November 23, 2016

Last December, Barbara Ehrenreich took us to task for exercising gratitude. Well, not all of us, but the many who’ve heeded the research—often distilled into self-help guidance—that promotes gratitude because it’s so good for us.

Even those of us who still actually bother to thank people who’ve done nice things for us—rather than, for example, just jotting them down a journal—don’t escape scot-free.

Because, says Ehrenreich, we’re unlikely to feel thankful for the labors of low-income people—and because our gratitude, in and of itself, won’t make a damn bit of difference to them.

The op-ed struck me at the time as more appropriate for Thanksgiving than for the new year we were about to ring in. And perhaps Ehrenreich wrote it for publication then. In any event, I’m recurring to it now, thinking especially about the people whose labors feed us.

Not them only, however. Our Thanksgiving celebrations depend on other low-income people too—the clerks at the grocery stores, the workers in the other stores where we bought the napkins, candles, etc.

They won’t all have a Thanksgiving Day because many of the grocery stores will stay open so we can pick up what we forgot—and because a goodly number of us will start our holiday shopping while we’re still digesting turkey. That, at least, is what stores offering the extra-early Black Friday sales intend.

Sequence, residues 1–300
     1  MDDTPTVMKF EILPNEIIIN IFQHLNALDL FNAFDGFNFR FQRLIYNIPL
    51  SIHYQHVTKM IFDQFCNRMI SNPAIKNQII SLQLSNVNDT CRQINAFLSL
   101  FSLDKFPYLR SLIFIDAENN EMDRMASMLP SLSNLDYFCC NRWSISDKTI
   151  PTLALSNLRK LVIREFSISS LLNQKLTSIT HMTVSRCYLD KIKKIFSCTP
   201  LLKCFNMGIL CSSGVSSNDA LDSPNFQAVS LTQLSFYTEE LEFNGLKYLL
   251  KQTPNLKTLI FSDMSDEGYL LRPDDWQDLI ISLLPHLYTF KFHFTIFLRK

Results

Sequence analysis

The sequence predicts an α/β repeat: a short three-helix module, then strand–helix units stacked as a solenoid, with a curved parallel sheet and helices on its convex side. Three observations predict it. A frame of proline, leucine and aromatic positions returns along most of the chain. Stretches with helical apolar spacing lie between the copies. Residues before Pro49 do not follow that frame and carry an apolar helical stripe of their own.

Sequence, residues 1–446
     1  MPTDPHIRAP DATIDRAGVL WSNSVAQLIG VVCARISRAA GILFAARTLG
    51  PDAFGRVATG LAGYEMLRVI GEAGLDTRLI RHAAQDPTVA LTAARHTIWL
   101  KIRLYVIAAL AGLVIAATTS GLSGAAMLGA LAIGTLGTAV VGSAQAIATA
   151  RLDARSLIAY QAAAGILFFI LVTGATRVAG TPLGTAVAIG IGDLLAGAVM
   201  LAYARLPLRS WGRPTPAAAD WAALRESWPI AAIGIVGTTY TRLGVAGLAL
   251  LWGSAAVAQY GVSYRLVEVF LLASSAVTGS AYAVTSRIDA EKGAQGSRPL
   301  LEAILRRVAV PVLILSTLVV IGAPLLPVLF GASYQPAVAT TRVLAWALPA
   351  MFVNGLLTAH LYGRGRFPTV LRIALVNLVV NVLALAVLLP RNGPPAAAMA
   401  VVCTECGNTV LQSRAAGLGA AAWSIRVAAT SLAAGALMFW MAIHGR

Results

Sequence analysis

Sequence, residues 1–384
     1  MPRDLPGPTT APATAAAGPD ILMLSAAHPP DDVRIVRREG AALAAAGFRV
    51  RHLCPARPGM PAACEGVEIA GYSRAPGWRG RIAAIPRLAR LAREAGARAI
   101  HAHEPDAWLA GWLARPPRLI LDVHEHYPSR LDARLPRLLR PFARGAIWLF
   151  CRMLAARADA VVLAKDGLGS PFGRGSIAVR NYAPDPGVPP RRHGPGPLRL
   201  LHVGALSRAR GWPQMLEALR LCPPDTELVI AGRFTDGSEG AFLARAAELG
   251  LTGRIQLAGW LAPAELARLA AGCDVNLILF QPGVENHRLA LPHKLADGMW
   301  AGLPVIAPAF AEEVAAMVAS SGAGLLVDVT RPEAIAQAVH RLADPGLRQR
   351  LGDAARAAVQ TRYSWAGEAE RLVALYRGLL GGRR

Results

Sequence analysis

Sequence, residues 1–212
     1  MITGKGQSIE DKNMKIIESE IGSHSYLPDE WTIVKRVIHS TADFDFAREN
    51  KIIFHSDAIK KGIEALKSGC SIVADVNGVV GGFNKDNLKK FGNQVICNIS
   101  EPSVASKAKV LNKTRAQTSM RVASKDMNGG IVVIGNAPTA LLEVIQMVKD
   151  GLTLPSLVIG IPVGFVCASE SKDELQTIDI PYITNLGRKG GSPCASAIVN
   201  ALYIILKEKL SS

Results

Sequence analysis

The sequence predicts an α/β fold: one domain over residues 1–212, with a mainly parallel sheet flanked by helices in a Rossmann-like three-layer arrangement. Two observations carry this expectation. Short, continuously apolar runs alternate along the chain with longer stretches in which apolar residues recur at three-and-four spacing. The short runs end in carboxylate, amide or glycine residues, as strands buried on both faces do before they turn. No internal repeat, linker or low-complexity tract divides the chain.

But back to our food.

Recent events have raised our consciousness of very disgruntled people in rural communities. They’re not, for the most part, actually poor. Or so one gathers from the polls. But many of the people in rural areas are—among them, those who plant, weed and harvest the fruits and vegetables that we’ll have on our tables.

They’re generally supposed to get paid at least the federal minimum wage. So they’d earn slightly over $15,000 a year if they worked full time, year round. But many don’t because crops have growing seasons.

That’s only one reason that farm workers are reportedly among the lowest-paid in the country—paid so little that 25% of their families have incomes below the federal poverty line, according to the Department of Labor’s latest (not altogether current) survey.

For one thing, not all farm owners have to pay the minimum wage. The Fair Labor Standards Act exempts those who use fewer than 500 “man days” during any calendar quarter, i.e., the equivalent of 500 people working each day.

Sounds like a lot, it but translates into roughly seven workers per quarter, according to Farmworker Justice. It means, in fact, that about a third of our country’s farm workers can legally get paid less than the minimum wage.

Others may wind up short because they’re paid by how much they harvest—so much per bucket, for example. The burden thus falls on them to prove how much they’ve earned, whether more than the minimum wage or less. If less, than they’re owed the minimum.

That’s the most they’re entitled to under federal law. The FLSA doesn’t require farm owners to pay time and a half to workers who put in more than 40 hours a week. California and a few other states mandate overtime pay.